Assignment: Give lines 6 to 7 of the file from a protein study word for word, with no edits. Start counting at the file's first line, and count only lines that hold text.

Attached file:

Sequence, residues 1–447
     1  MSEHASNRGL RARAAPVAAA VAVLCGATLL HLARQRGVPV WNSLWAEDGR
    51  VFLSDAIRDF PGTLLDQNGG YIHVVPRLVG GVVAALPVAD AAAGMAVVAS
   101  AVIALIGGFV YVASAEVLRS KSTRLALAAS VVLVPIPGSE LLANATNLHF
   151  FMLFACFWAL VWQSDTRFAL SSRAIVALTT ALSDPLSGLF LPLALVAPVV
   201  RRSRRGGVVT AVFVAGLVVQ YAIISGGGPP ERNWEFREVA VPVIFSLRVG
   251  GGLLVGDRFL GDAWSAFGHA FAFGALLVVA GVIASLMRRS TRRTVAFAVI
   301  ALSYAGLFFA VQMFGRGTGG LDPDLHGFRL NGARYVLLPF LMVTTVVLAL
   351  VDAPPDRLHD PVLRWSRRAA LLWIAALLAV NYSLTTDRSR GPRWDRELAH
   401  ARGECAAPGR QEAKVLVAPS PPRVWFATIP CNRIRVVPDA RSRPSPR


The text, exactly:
   201  RRSRRGGVVT AVFVAGLVVQ YAIISGGGPP ERNWEFREVA VPVIFSLRVG
   251  GGLLVGDRFL GDAWSAFGHA FAFGALLVVA GVIASLMRRS TRRTVAFAVI